Young Black Men Find Hope, Direction in Minneapolis

June 17, 2020 Updated: June 17, 2020

MINNEAPOLIS—Young black men are finding hope and a bright future through the Man Up Club in Minneapolis.

As Korey Dean, the club’s founder, worked as a student advocate in a local Twin Cities high school, he discovered that African American boys faced the most challenges. They were disproportionately filling detention halls, disproportionately sent downtown with police escorts after an altercation, and disproportionately failing to graduate.

“We started looking at some of these systemic issues and realized that we needed to step in and … be an advocate on behalf of these young men who really weren’t even articulate enough to be able to speak for themselves when they found themselves in tough circumstances that required a lot of maneuvering,” Dean told The Epoch Times on May 30, against the backdrop of mass protests and riots following the May 25 death of George Floyd in police custody.

Eighty percent of the boys are from fatherless homes, and many live in situations that require them to operate in “survival mode,” Dean said.

Dean, now 46, launched the Man Up Club in 2012 as an after-school program with three goals in mind: “to get our young black males to graduate from high school, to keep them out of the prison pipeline, and then to either go on to college or get a trade after high school.”

To that end, Dean hosts a dinner each week for the 60 boys in the program and has built a curriculum around teaching life skills, social skills, academic discipline, and civic responsibility.

The club helps young men set up a bank account, learn how to tie a tie, and give a firm handshake. It provides a suit to those with a job interview, and mentors from the career fields they’re interested in.

The club also conducts a trauma healing circle to provide a way for the boys to handle the ordeals that many are forced to face in the inner city.

“They have a high level of fear,” Dean said. “So when they see these heinous crimes and murders—whether it’s a George Floyd or anyone else—it’s happening right there in their community, right there on their block. And the thing is, a lot of people who perpetrate these crimes can be neighbors.”

Dean said the “no snitch” policy in a lot of neighborhoods puts young men in a bind, and part of the Man Up mentorship is to show them how to stand up against those situations.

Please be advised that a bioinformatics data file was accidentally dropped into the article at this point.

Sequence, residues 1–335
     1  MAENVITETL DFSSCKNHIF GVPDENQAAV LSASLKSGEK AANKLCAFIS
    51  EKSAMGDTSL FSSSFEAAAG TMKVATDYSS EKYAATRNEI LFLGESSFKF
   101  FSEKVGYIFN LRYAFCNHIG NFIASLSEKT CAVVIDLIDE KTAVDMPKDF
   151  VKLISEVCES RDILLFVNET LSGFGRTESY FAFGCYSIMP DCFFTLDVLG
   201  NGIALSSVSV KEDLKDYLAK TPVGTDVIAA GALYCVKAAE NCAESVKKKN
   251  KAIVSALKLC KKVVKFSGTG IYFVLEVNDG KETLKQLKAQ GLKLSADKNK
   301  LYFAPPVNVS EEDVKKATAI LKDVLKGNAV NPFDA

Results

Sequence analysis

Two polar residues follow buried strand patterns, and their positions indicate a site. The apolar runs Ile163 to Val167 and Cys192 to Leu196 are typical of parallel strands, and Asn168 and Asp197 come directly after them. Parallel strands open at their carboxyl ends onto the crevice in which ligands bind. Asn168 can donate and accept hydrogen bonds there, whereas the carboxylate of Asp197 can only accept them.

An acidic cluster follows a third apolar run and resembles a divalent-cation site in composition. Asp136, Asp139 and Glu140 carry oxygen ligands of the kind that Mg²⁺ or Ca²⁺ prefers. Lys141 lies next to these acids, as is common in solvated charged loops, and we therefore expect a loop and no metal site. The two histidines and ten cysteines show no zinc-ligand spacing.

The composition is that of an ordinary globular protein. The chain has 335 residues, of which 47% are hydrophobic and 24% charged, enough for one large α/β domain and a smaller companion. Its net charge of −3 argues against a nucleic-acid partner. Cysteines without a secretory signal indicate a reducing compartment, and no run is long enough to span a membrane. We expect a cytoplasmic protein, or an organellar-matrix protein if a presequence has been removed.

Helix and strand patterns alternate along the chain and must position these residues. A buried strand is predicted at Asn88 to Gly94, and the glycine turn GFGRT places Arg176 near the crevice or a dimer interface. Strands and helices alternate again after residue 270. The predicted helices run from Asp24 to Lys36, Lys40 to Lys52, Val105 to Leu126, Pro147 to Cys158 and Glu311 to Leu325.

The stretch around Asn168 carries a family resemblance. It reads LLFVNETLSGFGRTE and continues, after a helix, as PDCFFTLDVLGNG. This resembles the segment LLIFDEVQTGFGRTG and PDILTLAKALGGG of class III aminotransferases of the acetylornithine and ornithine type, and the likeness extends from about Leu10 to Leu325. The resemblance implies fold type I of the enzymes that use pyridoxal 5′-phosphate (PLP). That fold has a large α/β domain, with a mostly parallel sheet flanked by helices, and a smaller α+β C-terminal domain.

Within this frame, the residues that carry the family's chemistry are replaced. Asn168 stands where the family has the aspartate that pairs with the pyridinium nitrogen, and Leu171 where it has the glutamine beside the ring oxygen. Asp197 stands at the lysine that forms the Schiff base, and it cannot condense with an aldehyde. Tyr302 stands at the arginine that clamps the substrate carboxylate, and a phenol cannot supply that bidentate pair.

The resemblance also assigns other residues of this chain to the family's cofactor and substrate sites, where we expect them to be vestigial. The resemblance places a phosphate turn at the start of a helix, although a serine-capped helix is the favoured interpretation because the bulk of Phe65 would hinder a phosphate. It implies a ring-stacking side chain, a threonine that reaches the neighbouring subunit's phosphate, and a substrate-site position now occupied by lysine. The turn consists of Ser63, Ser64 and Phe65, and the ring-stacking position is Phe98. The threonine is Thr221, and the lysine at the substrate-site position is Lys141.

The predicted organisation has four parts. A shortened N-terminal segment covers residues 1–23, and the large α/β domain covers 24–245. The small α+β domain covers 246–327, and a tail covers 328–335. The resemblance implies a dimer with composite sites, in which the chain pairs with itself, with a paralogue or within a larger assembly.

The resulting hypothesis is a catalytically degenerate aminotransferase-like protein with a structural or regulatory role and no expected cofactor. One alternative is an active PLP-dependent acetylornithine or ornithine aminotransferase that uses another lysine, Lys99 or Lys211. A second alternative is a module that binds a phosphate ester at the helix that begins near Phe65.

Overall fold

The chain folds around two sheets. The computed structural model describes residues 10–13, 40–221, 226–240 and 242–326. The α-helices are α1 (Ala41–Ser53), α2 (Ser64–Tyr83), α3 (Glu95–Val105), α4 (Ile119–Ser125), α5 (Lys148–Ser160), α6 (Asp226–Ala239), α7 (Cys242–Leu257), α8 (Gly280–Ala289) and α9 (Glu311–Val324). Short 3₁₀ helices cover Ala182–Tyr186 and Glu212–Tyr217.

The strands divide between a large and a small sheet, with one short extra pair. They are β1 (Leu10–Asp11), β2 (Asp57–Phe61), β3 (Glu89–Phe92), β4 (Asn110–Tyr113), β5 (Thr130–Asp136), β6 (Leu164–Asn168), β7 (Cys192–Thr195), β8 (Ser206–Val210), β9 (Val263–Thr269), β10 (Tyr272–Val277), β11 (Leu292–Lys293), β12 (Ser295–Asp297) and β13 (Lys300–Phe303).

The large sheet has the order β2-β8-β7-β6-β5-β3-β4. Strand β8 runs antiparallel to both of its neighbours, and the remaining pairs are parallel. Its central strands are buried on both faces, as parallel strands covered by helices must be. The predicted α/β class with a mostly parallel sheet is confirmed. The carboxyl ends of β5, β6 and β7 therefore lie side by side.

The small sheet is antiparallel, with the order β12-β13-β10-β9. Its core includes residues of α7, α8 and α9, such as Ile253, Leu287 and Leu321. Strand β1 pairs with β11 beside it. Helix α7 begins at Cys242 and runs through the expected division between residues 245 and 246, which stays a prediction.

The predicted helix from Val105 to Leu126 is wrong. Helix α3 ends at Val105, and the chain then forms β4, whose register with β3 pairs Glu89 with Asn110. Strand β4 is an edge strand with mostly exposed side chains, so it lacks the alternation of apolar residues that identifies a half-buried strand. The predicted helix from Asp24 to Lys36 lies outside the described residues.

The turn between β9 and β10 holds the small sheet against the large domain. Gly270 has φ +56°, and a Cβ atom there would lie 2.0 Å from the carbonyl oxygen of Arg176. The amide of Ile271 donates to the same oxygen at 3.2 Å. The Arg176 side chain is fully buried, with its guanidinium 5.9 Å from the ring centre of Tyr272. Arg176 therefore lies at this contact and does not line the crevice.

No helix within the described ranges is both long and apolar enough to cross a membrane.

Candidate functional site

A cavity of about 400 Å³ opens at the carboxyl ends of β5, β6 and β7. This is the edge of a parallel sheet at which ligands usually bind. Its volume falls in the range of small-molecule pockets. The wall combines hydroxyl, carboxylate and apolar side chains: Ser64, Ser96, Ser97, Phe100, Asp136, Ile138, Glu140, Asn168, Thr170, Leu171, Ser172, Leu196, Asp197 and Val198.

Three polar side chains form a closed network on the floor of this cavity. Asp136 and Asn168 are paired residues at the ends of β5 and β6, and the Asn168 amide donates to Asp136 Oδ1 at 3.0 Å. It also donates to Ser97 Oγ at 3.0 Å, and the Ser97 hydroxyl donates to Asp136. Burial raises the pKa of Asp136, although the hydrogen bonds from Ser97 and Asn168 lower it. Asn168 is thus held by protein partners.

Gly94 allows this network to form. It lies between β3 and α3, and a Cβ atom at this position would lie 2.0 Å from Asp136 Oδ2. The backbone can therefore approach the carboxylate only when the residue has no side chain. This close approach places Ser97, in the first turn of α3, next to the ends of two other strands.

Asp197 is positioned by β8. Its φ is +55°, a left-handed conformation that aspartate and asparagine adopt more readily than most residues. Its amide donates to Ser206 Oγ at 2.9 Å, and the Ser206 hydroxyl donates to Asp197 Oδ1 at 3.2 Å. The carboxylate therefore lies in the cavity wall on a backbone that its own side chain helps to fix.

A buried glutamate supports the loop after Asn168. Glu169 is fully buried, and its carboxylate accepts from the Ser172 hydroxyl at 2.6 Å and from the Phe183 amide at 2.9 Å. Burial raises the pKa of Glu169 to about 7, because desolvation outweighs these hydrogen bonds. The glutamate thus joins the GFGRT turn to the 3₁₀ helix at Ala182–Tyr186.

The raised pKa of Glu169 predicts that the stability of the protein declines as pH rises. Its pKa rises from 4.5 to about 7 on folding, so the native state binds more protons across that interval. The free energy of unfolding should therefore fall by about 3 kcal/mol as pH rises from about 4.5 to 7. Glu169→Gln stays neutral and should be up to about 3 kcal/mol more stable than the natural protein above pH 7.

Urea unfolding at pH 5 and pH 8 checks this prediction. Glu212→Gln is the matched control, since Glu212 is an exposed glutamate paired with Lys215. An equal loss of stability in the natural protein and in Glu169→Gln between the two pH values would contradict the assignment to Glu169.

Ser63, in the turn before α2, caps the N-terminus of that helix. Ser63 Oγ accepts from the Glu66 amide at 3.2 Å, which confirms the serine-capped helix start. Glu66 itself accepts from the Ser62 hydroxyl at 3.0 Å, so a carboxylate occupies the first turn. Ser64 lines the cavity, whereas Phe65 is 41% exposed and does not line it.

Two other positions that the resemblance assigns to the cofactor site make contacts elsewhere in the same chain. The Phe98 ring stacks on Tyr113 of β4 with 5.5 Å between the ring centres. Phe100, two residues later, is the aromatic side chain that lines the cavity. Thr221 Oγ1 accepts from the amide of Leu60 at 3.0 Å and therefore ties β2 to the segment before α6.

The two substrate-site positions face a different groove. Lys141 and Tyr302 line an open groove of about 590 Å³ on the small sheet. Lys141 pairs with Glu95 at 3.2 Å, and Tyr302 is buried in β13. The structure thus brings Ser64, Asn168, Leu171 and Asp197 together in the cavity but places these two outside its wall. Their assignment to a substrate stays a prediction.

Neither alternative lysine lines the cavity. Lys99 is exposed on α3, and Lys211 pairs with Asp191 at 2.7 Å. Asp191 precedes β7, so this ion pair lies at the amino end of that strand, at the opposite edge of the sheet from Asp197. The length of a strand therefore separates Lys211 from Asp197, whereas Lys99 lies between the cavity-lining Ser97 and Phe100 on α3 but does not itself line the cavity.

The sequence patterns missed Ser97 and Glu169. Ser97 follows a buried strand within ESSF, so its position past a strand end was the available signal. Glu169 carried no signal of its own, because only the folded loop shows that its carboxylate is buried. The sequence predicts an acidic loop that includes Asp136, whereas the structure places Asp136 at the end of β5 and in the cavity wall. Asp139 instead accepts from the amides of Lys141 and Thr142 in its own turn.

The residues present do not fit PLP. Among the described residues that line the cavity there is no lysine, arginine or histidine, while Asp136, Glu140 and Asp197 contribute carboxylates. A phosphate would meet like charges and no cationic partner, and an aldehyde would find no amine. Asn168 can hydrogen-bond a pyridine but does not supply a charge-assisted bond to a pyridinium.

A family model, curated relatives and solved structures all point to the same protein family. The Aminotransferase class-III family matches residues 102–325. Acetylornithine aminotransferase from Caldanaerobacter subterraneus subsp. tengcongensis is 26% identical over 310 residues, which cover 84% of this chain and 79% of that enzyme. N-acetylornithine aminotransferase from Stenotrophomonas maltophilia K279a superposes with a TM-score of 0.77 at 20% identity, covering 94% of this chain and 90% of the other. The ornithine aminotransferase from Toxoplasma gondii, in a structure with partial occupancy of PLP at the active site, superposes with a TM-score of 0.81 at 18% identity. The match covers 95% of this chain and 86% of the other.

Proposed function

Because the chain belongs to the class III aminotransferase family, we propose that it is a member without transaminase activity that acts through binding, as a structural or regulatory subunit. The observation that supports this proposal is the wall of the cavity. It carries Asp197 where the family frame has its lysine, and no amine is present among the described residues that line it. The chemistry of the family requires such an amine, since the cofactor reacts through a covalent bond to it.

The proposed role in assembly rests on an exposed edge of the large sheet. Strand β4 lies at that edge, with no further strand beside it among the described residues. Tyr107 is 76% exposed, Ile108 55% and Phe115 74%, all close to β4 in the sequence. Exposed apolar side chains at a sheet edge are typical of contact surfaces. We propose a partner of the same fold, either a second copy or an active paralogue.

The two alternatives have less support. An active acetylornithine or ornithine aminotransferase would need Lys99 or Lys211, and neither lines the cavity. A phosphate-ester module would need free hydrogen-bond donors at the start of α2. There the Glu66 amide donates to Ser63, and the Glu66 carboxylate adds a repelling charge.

“We also have to teach them conflict resolution. That’s a huge component to what we teach as far as interpersonal relationships, and how to respond, and how to de-escalate,” he said. “And we just pray to God that what we’re teaching them will stick in the heat of the moment, when they’re actually faced with some of those quick decisions.”

Epoch Times Photo
Korey Dean, founder of the Man Up Club, speaks to protesters following the May 25 death of George Floyd in police custody near the US Bank Stadium in Minneapolis, Minn., on May 30, 2020. (Charlotte Cuthbertson/The Epoch Times)

The leaders become father figures, brothers, and confidants to the young men as they navigate the transition into adulthood under challenging conditions. Dean says the level of trust the mentors build allows the boys to accept accountability.

“We actually really get into the lives of these young men to know who they are, know where they live, know who their friends are,” Dean said. “We want to know what it is that they want to become, know what their influences are, what their vices are, and just kind of really do life with them.”

One young club member said he’d probably be doing something negative with his life if he hadn’t joined Man Up.

“Just because of the lifestyle that I live on an everyday basis and what I’m surrounded by, all the obstacles and different things I have to overcome, I honestly don’t know what I would be doing,” the young man said in a testimonial video on the club’s website. “It’s opened my eyes and opened a lot of new doors for me and opportunities for me to make a change in my life.”

Dean said the club has helped about 400 young men so far, and the success is evident in the many who have gone on to college and then returned to the program to give back as mentors. He’s hoping that Man Up chapters will pop up nationwide, and he offers the curriculum for free.

“All of our boys really want to be successful. But, unfortunately, in their current environment, they really don’t see a lot of success. But they continue to be resilient, they continue to be strong,” he said.

A Man Up member said the club is one of the best things he’s ever joined.

“This is something to help get your mind right, help you focus in life, and do better things.”

Follow Charlotte on Twitter: @charlottecuthbo